We have all witnessed over the last few years the deep seated anger that Rod Meredith has towards certain members of his church. This anger is so deep that entire families have been disfellowshipped and publicly marked from the pulpit. In his decades in the Worldwide Church of God that anger was manifested over and over in his actions towards ministers he was over and to the membership.
We saw that anger again as he bad mouthed the WCG as he was starting up his own church, the Global Church of God. We then witnesses his anger towards Raymond McNair and others in Global as he rebelled against them and apostatizing to form yet another group. That anger also led to him taking all of Global's money with him an essentially bankrupting Global. That in turn sent Raymond and Eve McNair to get on their knees in front of Meredith begging his forgiveness "with trembling lips."
That anger was also manifested a couple of weeks ago when Meredith stood up and kicked out the remaining Scarborough's from LCG - and - warned his members to NOT read this blog.
An LCG member sent me this today from the Pastor's Manual for LCG.
Apparently Meredith and Rod McNair have not paid too much attention to this section of the manual as they continue to lash out at members and employees seeking to find out who is leaking information.
Chapter 1: Pastoral Ethics Being Qualified pg 1-5
A Pastor Must Be Self-Controlled—Not Quick To Get Angry
“…A bishop then must be… not violent…but gentle, not quarrelsome…” (1 Timothy 3:2-3)Pastors sometimes have to deal with frustrating and exasperating situations. A Pastor must have the character—and LOVE for others—to control his own spirit, even in the midst of difficult situations, and even with people who are irrational or belligerent. In Paul’s second letter to Timothy, he said:
2 Timothy 2:24-26 “And a servant of the Lord must not quarrel but be gentle to all, able to teach, patient, in humility correcting those who are in opposition, if God perhaps will grant them repentance, so that they may know the truth, and that they may come to their senses and escape the snare of the devil, having been taken captive by him to do his will.”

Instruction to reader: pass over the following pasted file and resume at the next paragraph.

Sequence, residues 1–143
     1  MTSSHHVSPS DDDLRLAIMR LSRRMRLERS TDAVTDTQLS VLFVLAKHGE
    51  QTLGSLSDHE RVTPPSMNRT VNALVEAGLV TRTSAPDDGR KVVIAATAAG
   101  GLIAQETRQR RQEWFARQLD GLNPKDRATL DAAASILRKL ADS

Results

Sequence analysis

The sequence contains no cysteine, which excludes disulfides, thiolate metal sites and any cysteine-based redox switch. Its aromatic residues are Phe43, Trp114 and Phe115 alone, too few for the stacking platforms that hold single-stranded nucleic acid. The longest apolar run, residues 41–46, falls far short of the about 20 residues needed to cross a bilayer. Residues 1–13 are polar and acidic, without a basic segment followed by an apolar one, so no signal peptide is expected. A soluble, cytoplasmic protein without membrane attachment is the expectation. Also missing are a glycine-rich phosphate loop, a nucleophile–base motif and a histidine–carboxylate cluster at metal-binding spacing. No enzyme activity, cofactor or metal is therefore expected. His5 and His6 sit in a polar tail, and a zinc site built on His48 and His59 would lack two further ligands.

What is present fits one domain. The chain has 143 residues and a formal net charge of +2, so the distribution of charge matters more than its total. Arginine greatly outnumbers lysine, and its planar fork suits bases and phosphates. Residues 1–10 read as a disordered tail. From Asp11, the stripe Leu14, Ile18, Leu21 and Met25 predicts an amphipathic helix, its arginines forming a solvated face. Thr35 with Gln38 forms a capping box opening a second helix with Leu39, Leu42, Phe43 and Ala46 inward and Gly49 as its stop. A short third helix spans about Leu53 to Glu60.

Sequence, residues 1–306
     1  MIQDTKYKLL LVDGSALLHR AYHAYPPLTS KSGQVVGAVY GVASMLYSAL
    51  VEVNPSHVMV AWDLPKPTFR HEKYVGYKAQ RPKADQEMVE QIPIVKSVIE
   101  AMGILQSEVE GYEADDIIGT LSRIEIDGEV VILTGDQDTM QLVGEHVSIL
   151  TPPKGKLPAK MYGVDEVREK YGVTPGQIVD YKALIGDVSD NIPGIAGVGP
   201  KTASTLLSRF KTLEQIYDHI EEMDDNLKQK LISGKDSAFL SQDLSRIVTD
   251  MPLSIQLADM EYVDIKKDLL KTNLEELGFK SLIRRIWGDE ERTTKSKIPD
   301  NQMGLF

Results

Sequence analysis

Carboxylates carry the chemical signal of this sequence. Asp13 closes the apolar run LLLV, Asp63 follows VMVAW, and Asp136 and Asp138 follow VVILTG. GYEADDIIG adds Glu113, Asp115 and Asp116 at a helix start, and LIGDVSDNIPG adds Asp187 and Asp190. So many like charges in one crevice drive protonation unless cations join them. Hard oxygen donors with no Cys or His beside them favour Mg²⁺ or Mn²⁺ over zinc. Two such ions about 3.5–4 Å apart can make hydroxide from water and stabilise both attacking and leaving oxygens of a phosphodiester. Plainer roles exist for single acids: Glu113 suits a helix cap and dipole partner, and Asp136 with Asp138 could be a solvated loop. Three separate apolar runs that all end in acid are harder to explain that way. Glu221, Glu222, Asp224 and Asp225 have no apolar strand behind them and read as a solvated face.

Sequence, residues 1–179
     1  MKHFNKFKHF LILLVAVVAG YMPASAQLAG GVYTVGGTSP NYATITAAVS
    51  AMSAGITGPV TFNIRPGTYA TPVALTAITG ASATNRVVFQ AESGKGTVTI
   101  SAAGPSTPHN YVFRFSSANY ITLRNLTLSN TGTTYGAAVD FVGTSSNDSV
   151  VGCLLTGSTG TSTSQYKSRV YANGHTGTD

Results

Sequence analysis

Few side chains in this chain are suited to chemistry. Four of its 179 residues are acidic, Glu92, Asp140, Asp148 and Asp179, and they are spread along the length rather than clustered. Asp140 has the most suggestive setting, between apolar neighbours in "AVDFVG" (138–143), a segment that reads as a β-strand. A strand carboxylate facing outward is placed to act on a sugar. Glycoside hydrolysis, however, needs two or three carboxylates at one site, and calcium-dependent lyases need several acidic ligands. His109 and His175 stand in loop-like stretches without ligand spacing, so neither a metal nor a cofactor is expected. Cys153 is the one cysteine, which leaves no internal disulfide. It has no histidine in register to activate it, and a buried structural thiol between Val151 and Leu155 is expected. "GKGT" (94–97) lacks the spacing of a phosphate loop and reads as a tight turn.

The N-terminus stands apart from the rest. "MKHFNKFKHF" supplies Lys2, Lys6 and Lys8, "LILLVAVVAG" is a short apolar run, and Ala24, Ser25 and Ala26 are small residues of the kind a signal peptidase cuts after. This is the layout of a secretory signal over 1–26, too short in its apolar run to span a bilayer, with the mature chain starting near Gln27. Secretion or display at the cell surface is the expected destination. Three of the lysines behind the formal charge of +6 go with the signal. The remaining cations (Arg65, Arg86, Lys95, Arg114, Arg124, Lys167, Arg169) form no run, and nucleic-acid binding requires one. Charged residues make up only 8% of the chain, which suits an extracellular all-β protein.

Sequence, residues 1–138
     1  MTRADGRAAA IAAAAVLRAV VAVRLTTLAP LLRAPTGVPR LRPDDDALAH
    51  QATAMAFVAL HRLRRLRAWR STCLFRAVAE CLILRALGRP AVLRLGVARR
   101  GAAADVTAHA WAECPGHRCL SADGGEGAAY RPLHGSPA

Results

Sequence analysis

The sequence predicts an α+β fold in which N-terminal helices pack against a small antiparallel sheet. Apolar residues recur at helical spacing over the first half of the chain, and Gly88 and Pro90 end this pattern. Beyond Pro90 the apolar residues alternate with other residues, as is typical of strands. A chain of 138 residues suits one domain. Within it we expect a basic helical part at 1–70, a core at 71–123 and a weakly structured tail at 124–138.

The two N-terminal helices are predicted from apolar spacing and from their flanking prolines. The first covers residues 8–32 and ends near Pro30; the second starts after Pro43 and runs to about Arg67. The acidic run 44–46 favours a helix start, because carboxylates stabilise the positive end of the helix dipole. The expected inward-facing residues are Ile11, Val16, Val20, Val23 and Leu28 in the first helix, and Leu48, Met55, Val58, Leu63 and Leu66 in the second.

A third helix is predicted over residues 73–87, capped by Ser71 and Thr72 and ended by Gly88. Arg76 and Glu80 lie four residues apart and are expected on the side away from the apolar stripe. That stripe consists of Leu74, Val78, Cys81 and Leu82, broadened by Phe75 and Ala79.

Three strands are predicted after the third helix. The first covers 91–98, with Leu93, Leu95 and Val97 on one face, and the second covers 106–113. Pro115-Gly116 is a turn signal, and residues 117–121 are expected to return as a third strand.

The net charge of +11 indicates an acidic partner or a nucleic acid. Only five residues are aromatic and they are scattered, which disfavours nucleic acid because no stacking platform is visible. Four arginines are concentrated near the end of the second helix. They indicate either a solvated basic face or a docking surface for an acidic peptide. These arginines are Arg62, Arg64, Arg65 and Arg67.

When a problem arises, imagine that you are arriving at the scene of a fire. The fire is the problem you are facing. Imagine that you have two buckets in your hands—one is filled with water, and the other is filled with gasoline. Which one you use upon arriving at the scene has a lot to do with the outcome of the situation. Can you defuse the situation by using a calm but firm hand? Or do you react with anger in kind, further exacerbating an already bad situation?
A Pastor must exhibit emotional control to successfully function in his capacity. He must be able to bear insult without retaliation. Jesus set that example. He did not lash out or take revenge on those who ridiculed Him. As Peter wrote:
1 Peter 2:21-25 “For to this you were called, because Christ also suffered for us, leaving us an example, that you should follow His steps: ‘Who committed no sin, nor was deceit found in His mouth’; who, when He was reviled, did not revile in return; when He suffered, He did not threaten, but committed Himself to Him who judges righteously; who Himself bore our sins in His own body on the tree, that we, having died to sins, might live for righteousness--by whose stripes you were healed. For you were like sheep going astray, but have now returned to the Shepherd and Overseer of your souls.”
This does not mean that a Pastor must not defend the members or the office of the ministry or must not occasionally act with decisive action. But he must keep his own personal feelings out of it, as much as possible, with God’s help. He must not fall into a “siege mentality” where he begins to see everyone as either for him or against him. He must strive to minimize controversy and polarization wherever possible. He must deal squarely and decisively on the facts, based on sound biblical principles, with all due patience and long-suffering and without personal antagonism or anger.
This takes careful self-examination of motives and intentions. It takes deep reflection to examine one’s own personal motives—and the humility to admit to oneself when one is acting on pride Proverbs 16:32 “He who is slow to anger is better than the mighty, and he who rules his spirit than he who takes a city.”
Proverbs 14:29 “He who is slow to wrath has great understanding, but he who is impulsive exalts folly.”
Proverbs 15:1 “A soft answer turns away wrath, but a harsh word stirs up anger.”